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May 01, 2017

Employee Spotlight—Angie Corll

Angie knows what it feels like to run away. She did it for years, running away from abusive and neglectful homes, opting for freedom and danger of the streets over security. This life on the run led her down many dark paths for years until she became the kid that no one wanted to take in. Finally, in 1993, with the help of her probation officer, she entered a Janus residential program. That was a turning point. Says Angie, “I was blessed to have been given a second chance.” Now she works as a Youth Care Specialist at our Oak Grove shelter in SW Washington, helping youth who are facing similar life crisis as she did. We talked to Angie to find out how her experiences has prepared her to serve our youth.

What does a Youth Care Specialist do?

I work the swing shift at Oak Grove—a secure shelter for runaway and at-risk youth arriving from a juvenile detention center or through law enforcement. Often youth are here for a few days. The goal of the program is to reunify youth with their families within 48-hours of placement through on-site crisis intervention and family-mediation services. We connect youth who require greater assistance to services designed to promote safe family reunification. My role is to spend time with each youth, make sure they are safe, clothed, fed and listen to them.

How has your life experiences help you in your work?

Because I was once a runaway youth, as well as a sex-traffick survivor (CSEC), I understand many of the feelings these youth have. I pay attention to their facial expressions, body cues and consider each as a unique individual. While I have my own personal testimony, I rarely share it unless it is relevant to help a youth. I focus the conversation on them, giving my full attention. Sometimes it works, other times they may not be interested in talking. Usually they let me in.

What is the most rewarding part of your job?

One of the best parts of my job is playing a role in making sure there is one less homeless youth on the street. I appreciate getting phone calls from youth or seeing them in a public place and they tell me about the progress they are making with their lives. They may tell me about aging out of foster care into independent living, or getting a job or staying in school. Some will say, “I remember you being very kind to me.” Helping youth get that second chance as I did makes me feel like I am doing something to make a difference in their lives.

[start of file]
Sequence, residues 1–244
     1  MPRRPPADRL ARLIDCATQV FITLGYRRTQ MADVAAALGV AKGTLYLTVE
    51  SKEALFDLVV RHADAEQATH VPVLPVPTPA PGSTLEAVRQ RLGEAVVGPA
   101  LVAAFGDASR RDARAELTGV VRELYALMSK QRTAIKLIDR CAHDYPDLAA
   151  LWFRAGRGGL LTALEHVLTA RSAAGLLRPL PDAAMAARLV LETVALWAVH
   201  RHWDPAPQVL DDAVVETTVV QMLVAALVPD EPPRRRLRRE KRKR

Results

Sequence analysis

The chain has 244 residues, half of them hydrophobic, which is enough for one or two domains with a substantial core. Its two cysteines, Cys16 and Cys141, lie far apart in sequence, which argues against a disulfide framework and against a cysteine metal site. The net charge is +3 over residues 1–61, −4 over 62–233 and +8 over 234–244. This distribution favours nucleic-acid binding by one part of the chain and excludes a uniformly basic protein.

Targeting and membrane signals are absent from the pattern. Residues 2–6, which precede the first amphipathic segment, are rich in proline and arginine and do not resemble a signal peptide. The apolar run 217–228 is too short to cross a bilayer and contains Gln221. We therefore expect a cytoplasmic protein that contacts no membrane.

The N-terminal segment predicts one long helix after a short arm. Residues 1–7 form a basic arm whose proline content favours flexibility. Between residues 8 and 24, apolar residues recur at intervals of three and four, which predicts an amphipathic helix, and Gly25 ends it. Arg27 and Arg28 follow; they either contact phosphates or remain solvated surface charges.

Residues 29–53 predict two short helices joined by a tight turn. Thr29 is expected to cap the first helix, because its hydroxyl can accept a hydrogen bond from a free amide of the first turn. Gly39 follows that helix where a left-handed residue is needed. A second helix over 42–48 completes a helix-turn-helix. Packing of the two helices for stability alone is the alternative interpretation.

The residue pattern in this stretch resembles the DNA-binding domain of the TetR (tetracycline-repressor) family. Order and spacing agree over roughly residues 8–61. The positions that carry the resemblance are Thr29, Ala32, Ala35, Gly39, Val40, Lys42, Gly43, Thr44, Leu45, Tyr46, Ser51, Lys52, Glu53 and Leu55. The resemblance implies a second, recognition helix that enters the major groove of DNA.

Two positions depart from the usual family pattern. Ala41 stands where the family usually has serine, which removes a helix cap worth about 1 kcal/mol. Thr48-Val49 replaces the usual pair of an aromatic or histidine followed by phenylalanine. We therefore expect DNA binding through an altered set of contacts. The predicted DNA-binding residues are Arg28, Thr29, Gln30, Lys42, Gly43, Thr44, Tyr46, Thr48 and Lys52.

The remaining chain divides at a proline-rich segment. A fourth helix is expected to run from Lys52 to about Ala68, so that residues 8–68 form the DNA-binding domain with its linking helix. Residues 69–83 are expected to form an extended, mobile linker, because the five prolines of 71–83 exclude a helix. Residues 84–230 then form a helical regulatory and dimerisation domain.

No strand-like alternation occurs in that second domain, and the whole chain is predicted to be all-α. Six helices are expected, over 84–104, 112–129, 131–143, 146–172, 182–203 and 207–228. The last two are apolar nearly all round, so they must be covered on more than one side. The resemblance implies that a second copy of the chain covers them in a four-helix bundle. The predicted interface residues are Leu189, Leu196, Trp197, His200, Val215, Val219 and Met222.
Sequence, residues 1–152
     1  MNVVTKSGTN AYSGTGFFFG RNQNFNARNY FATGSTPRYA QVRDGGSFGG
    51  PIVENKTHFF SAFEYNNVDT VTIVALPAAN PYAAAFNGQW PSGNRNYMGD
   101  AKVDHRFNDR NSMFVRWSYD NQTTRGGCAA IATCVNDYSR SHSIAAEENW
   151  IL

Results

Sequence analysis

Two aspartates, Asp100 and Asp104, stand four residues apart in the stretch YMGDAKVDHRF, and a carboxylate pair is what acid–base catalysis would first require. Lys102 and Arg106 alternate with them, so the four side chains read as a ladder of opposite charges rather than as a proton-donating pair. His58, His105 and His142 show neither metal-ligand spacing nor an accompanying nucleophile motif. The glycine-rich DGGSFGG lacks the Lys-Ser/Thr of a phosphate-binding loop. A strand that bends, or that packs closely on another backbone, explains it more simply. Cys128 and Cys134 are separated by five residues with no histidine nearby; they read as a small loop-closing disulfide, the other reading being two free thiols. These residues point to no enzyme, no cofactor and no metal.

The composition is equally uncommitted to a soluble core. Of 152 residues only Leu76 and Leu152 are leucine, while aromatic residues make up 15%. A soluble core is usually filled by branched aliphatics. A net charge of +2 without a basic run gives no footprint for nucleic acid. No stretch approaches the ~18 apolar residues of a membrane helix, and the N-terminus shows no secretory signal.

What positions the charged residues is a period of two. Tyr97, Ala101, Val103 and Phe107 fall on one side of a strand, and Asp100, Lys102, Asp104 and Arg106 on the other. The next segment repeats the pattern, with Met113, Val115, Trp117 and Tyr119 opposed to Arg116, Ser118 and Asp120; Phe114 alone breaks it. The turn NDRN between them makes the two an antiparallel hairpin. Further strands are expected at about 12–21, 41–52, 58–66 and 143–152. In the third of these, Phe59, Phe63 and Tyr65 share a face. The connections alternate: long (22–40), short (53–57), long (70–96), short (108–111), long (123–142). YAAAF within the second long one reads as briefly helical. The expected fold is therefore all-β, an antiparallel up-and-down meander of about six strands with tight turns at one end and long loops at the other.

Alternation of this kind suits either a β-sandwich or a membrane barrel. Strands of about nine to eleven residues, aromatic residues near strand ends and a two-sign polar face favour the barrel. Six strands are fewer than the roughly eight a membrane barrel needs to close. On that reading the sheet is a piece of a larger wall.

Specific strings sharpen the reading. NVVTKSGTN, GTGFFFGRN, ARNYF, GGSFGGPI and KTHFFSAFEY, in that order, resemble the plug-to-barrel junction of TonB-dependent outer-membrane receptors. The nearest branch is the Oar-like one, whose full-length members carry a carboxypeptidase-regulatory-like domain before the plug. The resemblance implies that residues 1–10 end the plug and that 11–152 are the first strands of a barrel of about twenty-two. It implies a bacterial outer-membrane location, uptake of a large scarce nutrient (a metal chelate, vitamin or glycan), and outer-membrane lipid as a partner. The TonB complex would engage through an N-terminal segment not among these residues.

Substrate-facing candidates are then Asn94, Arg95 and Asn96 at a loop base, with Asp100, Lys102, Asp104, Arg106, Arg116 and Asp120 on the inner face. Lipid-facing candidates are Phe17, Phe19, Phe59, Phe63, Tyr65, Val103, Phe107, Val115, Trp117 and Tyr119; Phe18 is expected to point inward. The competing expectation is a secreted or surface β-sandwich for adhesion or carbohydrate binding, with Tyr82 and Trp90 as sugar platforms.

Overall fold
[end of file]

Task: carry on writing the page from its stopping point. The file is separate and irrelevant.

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Jan 18, 2018
Employee Spotlight—Washington Outreach Specialists

Every day our Outreach Specialists in Washington are busy serving homeless youth who have no one else to turn to. The team of three staff—Keeva Haverkost, Jessica Villasenor, and Jean Withers—work like a well-oiled machine, supporting each other so they can provide high quality service to youth. All of them are passionate about their work. Bettina Boles, Program Supervisor of The Perch and Yellow Brick Road Washington, says of her team, “Each person brings their unique contribution and special reason to work as an Outreach Specialist.” According to Bettina, the team has multifaceted roles— hosting The Perch—our drop-in center for youth—conducting street outreach for Yellow Brick Road, Washington and leading educational presentations that help the community better understand human trafficking and its impact in Clark County.

Jan 09, 2018
Youth Spotlight—Noah Schultz and his” Inspiring Action Tour”

Noah Schultz is a 25-year old graduate of the Hope Partnership program who served 7.5 years in the custody of the Oregon Youth Authority (OYA). While at the MacLaren Correctional Facility, Noah received two Bachelor of Arts degrees. Since his release in October 2016, he has become an outspoken youth advocate, with a passion to drive reform in our justice system, inspiring hope, action and humanizing the stories of the incarcerated. In November 2017, Noah completed a two-month “Inspiring Action Tour” at ten correctional facilities throughout the U.S. where he showed the award-winning documentary film about him, “Perception from Prison to Purpose.” He is co-owner of Forgotten Culture Clothing and co-founder of Verbal Escape. Noah spoke to us about his tour.

Dec 18, 2017
Sixth Grader Organizes Sock Drive For Janus Youth

Eleven-year old Quentin Brown organized a winter sock drive at his school, Cascade Heights Public Charter School, collecting 582 pairs of socks for our youth. This is his second year organizing the sock drive.

 Last year, Janus awarded Quentin the “Stars for Kids Award” for his contributions to our youth. Each year on his birthday, Quentin asks family members to give him gifts that he can donate to Portland’s homeless youth. Rather than getting toys and games, Quentin gets socks, water bottles, hats and scarfs that he packs up in a bin and brings down to the Janus administrative office. Last year, he even brought a little piggy bank with all of his savings and gave it to Janus. He has been doing this for seven years now. By thinking of the needs of others, he sets an example for his peers, family and community, showing the impact kids have on helping other kids. Quentin demonstrates that acts of kindness can be cultivated at a young age. 

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